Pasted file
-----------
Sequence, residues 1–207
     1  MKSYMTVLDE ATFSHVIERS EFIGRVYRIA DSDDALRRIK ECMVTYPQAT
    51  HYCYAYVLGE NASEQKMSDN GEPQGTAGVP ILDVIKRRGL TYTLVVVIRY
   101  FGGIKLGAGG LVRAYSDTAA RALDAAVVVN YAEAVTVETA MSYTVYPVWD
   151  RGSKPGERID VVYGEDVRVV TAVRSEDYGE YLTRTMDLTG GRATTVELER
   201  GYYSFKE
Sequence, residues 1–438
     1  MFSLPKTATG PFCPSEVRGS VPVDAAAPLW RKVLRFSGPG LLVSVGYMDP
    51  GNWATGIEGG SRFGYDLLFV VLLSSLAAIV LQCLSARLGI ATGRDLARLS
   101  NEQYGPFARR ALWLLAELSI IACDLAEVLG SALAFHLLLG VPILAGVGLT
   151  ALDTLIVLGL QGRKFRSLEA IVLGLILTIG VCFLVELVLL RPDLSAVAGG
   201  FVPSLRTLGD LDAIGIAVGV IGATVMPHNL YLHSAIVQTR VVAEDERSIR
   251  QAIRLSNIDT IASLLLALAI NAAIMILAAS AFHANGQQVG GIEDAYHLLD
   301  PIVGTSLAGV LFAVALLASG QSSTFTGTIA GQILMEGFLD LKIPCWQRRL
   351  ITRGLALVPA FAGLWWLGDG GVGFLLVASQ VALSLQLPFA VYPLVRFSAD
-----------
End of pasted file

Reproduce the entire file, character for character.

Sequence, residues 1–207
     1  MKSYMTVLDE ATFSHVIERS EFIGRVYRIA DSDDALRRIK ECMVTYPQAT
    51  HYCYAYVLGE NASEQKMSDN GEPQGTAGVP ILDVIKRRGL TYTLVVVIRY
   101  FGGIKLGAGG LVRAYSDTAA RALDAAVVVN YAEAVTVETA MSYTVYPVWD
   151  RGSKPGERID VVYGEDVRVV TAVRSEDYGE YLTRTMDLTG GRATTVELER
   201  GYYSFKE
Sequence, residues 1–438
     1  MFSLPKTATG PFCPSEVRGS VPVDAAAPLW RKVLRFSGPG LLVSVGYMDP
    51  GNWATGIEGG SRFGYDLLFV VLLSSLAAIV LQCLSARLGI ATGRDLARLS
   101  NEQYGPFARR ALWLLAELSI IACDLAEVLG SALAFHLLLG VPILAGVGLT
   151  ALDTLIVLGL QGRKFRSLEA IVLGLILTIG VCFLVELVLL RPDLSAVAGG
   201  FVPSLRTLGD LDAIGIAVGV IGATVMPHNL YLHSAIVQTR VVAEDERSIR
   251  QAIRLSNIDT IASLLLALAI NAAIMILAAS AFHANGQQVG GIEDAYHLLD
   301  PIVGTSLAGV LFAVALLASG QSSTFTGTIA GQILMEGFLD LKIPCWQRRL
   351  ITRGLALVPA FAGLWWLGDG GVGFLLVASQ VALSLQLPFA VYPLVRFSAD